Dwight Conquergood

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Lorne Dwight Conquergood (October 19, 1949 – November 13, 2004) was an ethnographer who is best known for his work with the Hmong of southeast Asia, street gangs of Chicago, and refugees in Thailand and Gaza.

Background[edit]

Conquergood was born in Thunder Bay, Ontario to Daniel and Dorothea Conquergood. At age three he moved to Terre Haute, Indiana. He graduated from Indiana State University in 1972 with a Bachelor of Arts in Speech Communication and English. In 1974 he received his Master’s in Communication from the University of Utah. In 1977 Conquergood received his Ph.D. in Performance Studies from Northwestern University. Conquergood then became an Assistant Professor of Rhetoric and Communication at the State University of New York in Binghamton. In 1978 he returned to Northwestern University to teach.[1][2]

Career[edit]

Throughout his career, Conquergood's work focused on those marginalized by society. In 1981 he began his work with Hmong refugees at Ban Vinai Refugee Camp in northeastern Thailand. Of special interest was the performative aspects of Hmong culture. His conversations with Hmong healer Paja Thao led to Conquergood’s widely circulated 1986 essay I Am a Shaman: A Hmong Life Story with Ethnographic Commentary.[1] Conquergood also became involved with the International Rescue Committee in Thailand, using his knowledge of Hmong culture and folklore to help design a form of “health theater” to educate refugees about necessary sanitation in the camp. Back in Chicago, he helped new Hmong immigrants find housing and employment, and he served as their advocate in court cases and other dealings.

In the mid nineteen eighties Conquergood worked with Palestinian refugees at the Jabaliya camp on the Gaza Strip.

Later Conquergood relocated to the North Side Chicago neighborhood of Albany Park to conduct research in the community. "The 'Big Red' tenement Conquergood selected was located in an area known as 'Little Beirut,' rampant with gangs, graffiti, and civil disorder. He became an active member of the community, befriending and tutoring gang members while he studied their culture and daily life."[3] This research led to his work Life in Big Red: Struggles and Accommodations in a Chicago Polyethnic Tenement. While living and working in Albany Park, Conquergood began to develop a relationship with the Latin Kings street gang. This relationship allowed him to study gang life in Chicago that led to a complex understanding of street life.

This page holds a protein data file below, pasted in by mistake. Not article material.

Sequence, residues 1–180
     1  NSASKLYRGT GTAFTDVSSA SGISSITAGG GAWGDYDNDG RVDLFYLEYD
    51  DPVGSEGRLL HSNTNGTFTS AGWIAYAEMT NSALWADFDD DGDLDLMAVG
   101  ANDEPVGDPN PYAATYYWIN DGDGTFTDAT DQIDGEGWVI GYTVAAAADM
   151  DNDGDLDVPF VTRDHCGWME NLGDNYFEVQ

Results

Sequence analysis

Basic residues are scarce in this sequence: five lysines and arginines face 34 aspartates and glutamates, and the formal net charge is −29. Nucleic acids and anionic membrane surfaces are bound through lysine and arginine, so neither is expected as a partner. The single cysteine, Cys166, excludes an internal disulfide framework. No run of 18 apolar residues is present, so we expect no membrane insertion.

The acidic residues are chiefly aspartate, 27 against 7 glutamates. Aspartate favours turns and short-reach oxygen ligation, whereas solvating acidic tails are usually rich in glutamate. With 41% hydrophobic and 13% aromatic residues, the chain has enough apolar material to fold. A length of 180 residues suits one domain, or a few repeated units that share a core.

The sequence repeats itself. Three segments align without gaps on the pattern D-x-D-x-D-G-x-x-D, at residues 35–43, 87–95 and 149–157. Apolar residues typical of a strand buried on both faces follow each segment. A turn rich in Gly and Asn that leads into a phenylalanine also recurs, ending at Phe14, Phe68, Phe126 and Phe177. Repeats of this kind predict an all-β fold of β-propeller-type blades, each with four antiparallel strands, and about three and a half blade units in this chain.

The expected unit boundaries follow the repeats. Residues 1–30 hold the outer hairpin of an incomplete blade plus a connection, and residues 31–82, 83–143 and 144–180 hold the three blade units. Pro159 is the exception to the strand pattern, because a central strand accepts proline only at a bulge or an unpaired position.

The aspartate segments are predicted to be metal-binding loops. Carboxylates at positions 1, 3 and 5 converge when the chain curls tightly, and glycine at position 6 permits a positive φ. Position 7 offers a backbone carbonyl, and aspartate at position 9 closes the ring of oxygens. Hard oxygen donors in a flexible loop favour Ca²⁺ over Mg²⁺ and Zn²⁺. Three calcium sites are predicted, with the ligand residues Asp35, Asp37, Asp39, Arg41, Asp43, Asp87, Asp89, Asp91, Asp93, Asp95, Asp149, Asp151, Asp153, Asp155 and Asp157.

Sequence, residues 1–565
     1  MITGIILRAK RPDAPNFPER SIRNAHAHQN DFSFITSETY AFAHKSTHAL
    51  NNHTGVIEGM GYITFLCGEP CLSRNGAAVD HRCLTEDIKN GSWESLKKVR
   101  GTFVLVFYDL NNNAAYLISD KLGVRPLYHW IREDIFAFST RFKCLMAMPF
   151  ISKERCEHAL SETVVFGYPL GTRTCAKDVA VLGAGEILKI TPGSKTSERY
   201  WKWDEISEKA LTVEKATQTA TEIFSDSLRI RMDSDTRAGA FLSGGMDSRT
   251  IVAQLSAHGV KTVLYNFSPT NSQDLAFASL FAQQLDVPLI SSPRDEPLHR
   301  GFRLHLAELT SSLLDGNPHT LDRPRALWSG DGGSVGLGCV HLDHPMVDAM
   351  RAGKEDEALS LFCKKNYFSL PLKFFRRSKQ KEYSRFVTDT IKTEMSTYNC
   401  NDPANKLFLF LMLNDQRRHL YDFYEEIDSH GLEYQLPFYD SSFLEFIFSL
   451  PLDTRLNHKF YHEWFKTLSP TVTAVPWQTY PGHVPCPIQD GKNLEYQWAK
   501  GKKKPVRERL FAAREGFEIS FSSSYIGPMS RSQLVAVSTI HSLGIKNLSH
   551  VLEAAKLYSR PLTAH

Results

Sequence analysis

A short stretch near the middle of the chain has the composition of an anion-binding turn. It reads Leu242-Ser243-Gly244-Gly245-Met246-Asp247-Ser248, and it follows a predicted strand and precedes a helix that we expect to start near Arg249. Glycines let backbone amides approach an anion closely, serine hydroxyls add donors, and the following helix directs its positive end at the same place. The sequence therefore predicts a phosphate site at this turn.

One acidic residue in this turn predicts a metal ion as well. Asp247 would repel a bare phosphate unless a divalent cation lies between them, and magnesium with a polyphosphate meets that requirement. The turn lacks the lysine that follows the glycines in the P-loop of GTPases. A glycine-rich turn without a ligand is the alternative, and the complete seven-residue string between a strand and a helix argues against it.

Later in life, Conquergood began researching the purpose, rituals and societal implications of the death penalty in America. His 2002 paper, Lethal Theatre: Performance, Punishment, and the Death Penalty, was published in Theatre Journal, a publication of the Johns Hopkins University Press. It argued that the criminological function of capital punishment could not be assessed without the inclusion of its performance aspects as a “theater of death.”

Conquergood died on November 13, 2004 of colon cancer.

Books[edit]

  • I am a Shaman: A Hmong Life Story with Ethnographic Commentary (1989), Center for Urban and Regional Affairs 1989 paperback ASIN: B001R2G65S

Films[edit]

Achievements[edit]

References[edit]

  1. ^ a b Series 20/74, Boxes 1-48 Dwight Conquergood Papers, 1974-2005 Northwestern University Archives, Northwestern University
  2. ^ Dwight Conquergood Dies at 55 Northwestern University News Center, 23 November 2004 (accessed 1 November 2010).
  3. ^ Conquergood Dies at 55, Institute for Policy Research, 27,1 (Fall 2005)
  4. ^ Indiana State University Archives
  5. ^ a b The Daily Northwestern
  6. ^ Between Two Worlds, Filmakers Library.

External links[edit]